While attempting to make a slight change in the acknowledgements of my recently published print copy of Other Side of the River, I experienced a nasty shock. You see, in making even a small adjustment to the copy, one must re-submit the entire manuscript. Before ordering a box of books printed from the adjusted .pdf, I decided to check the newly submitted copy with CreateSpace’s internal editor option.
The first thing that caught my eye was that the spine print was off-center. Not good. How did it even pass inspection? I then took a closer look and discovered that all the chapter headings had lost their style and moved to the top of their respective pages. And, for some reason, there were more pages than there had been before, even though the print font was the same. That’s probably why the spine was off its mark.
Upon further study, I realized I must have readjusted the document settings when I added the bit I wanted to change, and I had not taken clear enough notes and screenshots to ensure replication of the original submission. It was just too much to start from scratch for one additional sentence in the back matter section.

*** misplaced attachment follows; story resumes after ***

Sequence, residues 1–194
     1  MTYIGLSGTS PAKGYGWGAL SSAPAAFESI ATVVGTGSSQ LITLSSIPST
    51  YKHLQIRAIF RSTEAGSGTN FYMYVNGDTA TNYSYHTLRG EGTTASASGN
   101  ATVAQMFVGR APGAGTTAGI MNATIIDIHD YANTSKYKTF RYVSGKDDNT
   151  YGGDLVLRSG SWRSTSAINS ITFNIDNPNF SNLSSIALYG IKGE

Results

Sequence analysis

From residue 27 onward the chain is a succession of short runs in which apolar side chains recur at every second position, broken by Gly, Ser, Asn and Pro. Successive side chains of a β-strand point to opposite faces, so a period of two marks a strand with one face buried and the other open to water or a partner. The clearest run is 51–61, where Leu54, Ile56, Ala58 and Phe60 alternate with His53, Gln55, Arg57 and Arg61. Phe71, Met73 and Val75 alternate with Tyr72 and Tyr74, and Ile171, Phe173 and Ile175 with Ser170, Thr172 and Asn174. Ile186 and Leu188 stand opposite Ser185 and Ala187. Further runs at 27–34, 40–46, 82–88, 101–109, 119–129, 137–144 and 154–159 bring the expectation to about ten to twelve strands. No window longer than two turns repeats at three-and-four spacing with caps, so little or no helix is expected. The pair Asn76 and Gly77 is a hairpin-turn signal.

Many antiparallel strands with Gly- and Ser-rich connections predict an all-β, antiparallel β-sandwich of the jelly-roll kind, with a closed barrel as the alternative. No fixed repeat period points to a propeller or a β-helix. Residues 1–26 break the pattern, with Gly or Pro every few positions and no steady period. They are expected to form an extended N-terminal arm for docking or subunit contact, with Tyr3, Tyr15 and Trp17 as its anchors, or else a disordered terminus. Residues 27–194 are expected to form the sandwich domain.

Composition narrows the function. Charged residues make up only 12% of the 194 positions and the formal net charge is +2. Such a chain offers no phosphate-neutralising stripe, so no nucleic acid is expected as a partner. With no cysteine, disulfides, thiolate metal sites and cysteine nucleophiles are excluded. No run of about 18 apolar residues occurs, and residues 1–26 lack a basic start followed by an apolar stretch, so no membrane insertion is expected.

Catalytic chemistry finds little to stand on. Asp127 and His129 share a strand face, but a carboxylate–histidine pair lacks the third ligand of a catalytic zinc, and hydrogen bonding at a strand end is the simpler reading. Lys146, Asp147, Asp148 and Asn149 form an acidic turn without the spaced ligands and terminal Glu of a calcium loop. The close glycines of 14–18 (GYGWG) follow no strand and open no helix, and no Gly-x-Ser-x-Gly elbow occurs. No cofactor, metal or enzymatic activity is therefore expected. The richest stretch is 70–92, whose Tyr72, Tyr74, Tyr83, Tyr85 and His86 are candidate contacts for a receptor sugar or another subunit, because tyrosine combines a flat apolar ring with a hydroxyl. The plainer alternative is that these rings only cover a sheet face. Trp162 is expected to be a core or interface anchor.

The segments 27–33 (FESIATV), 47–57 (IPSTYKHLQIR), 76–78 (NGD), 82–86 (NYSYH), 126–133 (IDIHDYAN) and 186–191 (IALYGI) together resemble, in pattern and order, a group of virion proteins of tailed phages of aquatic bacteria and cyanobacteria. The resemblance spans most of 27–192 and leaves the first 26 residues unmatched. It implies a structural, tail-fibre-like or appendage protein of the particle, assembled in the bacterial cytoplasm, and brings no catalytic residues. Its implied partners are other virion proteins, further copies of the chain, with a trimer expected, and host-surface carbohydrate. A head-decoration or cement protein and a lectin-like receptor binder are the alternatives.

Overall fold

After sleeping on the problem, I opted for pulling the discarded “first .pdf” from the Trash (thankfully it was still there) and resubmitting that. After all, the book must be available again as soon as possible.
When I checked out the consequences of making a minor change in the e-book version, I came across several suggestions from other authors to “leave it alone. It’s too much fuss for anything minor.” So what is, will continue to be thus.
Yesterday I discovered an invitation to authors to submit a Christmas novella to a certain publishing house. Immediately, my heart sped up as I remembered my contemporary Christmas story still awaiting publication.
But, my Indie Author self said: “Do not do this. You are giving away the rights and the option to use your story as a promotional tool.”
So I didn’t submit it. I’m hoping to publish that longish short story before Christmas under my own publishing logo. Yay for Indie Freedom!